I’m sitting in the airport as I write this, halfway between home and Philadelphia, where I’m joining dozens of other author/speakers at Tony Campolo’s Red Letter Christians retreat. Frankly, I was shocked I was even invited, particularly when I browsed the list of invitees.
Bruce Reyes Chow, Tony Jones, Peter Rollins, Rachel Held Evans, Gareth Higgins, Shane Claiborne, Nadia Bolz-Weber, Spencer Burke, Jay Bakker, Diana Butler Bass…
Oh yeah, and Tony Campolo.
Not sure how I got included as a stowaway in such a list of esteemed thinkers, I quickly submitted my RSVP before they could change my mind. I was excited to see the schedule, sent out by Tony’s son, Bart, that outlined how we would spend the better part of three days sharing ideas, stories and our lives together. All this, and my father-in-law’s church is sponsoring me so I can afford to go.
Sometimes it’s better not to question good fortune, but instead grab hold with both hands and see where you end up.
I had a moment of trepidation after scanning the list of events when I cam across one of the final activities tonight:
SMALL GROUP PRAYER.
I know this will probably sound weird to some people who know me as the guy who will speak before hundreds (thousands if you let me), will sing, attempt to perform spoken word poetry and, yes, even deliver a sermon, but the thought of praying out loud in front of other people scares the crap out of me.
When I was growing up, public prayer was almost a Christian rite of passage. You didn’t officially get your Baptist card until you had mellifluously prayed over a green bean casserole or two. But I never felt that stirring of the spirit others seemed to experience, and the words never came easily, if at all.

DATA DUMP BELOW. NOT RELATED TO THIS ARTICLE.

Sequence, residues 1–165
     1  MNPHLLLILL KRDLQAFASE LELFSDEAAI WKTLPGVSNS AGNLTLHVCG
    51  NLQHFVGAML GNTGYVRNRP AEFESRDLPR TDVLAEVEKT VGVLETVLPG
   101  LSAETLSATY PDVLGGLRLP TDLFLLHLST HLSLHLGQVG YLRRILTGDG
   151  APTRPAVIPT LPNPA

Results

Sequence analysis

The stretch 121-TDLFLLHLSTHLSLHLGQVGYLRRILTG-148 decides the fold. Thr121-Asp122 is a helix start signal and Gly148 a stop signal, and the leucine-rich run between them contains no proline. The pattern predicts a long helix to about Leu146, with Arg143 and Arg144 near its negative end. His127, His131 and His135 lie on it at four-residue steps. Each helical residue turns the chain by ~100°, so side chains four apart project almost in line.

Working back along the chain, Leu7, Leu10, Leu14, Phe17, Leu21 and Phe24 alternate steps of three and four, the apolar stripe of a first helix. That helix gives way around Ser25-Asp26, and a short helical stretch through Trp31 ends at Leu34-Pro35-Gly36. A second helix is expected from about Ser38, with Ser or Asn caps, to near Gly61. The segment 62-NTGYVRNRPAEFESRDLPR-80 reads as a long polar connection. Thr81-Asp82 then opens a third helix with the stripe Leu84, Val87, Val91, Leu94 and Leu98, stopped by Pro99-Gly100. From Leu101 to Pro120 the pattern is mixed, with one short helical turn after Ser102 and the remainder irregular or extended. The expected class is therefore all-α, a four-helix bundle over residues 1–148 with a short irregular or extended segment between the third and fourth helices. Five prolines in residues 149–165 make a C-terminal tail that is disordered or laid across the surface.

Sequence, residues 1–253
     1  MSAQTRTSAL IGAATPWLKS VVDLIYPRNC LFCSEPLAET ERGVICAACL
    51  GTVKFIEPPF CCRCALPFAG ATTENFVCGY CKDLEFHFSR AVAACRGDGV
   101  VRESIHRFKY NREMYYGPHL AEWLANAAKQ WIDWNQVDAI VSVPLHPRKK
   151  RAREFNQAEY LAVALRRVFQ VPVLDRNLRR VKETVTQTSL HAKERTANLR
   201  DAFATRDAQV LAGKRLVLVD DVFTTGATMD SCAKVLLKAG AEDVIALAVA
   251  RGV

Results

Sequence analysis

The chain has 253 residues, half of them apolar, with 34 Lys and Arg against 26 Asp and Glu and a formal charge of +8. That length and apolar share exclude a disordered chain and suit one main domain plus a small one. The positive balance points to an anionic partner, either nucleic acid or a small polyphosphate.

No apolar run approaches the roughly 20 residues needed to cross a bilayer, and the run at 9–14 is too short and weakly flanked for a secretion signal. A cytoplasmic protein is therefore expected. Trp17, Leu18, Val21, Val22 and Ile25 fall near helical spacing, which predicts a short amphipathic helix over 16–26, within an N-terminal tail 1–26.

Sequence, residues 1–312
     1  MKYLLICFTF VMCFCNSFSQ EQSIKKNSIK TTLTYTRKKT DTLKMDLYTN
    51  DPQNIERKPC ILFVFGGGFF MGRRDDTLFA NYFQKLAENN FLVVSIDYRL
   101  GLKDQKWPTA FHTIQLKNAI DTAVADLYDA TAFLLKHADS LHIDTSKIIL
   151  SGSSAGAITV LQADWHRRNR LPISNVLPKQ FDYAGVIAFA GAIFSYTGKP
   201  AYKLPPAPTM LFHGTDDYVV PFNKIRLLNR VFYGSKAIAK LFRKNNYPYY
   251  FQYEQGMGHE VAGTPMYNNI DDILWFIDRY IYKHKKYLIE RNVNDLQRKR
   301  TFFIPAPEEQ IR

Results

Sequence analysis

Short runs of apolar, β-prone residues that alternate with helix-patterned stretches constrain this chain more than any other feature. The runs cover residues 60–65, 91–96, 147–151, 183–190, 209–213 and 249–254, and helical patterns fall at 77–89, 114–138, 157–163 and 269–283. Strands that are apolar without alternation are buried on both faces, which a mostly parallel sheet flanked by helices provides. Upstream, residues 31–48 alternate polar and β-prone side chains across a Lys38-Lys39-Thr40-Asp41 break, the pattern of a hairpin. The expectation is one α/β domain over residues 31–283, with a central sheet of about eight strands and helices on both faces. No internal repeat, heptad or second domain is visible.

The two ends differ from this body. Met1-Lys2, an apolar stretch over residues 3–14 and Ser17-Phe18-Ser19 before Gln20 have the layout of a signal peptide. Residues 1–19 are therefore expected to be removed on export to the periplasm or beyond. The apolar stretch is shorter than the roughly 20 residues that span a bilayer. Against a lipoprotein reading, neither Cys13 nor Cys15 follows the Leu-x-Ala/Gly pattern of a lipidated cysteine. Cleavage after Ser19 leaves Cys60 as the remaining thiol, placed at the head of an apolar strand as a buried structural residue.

For one, I always think way too much about what I’m going to say. Is this grounded in theology I actually support? Am I asking for divine handouts as if God were a giant vending machine? Am I seeking favor above others? Am I making assumptions about the sensitivities of those present that might be wrong, or even hurtful? Did I use inclusive God language? am I being graded on this? Will there be a test later???
Also, if I’m being completely honest, I don’t really know who it is I’m supposed to be praying to. Yes, I know that prayer is our attempt to seek greater communion with God, but my understanding of God doesn’t really fit with the idea of out-loud public prayer. For starters, I don’t see God as a “who,” and I’m not even sure God is a “what.” God just “is.” I don’t think God has ears and needs me to speak up to be heard. I don’t think I piss God off if I forget to pray, or that I please God if I do a particularly good job.
So who am I doing this for? It all feels more like a performance than anything else.
Then again, maybe all of this is a fancy way to dress up and obfuscate the fact that I’m a chickenshit.
My personal prayers are silent, wordless, more like a guided meditation than a narrative. I picture those for whom I’m grateful, those with whom I’m struggling, my gratitude, fears, worries and wishes. Then I imagine bundling all of this up and laying it down before a light that envelops it all.
I’m not sure what happens once the light envelops all of that stuff I lay down, but I do know it feels a lot better not to be carrying it by myself.
So how do you communicate that to a room full of trained and articulate theologians without sounding like an incoherent freak show?
Good question. If you figure that one out between now and about dinner time tonight, be sure to let me know.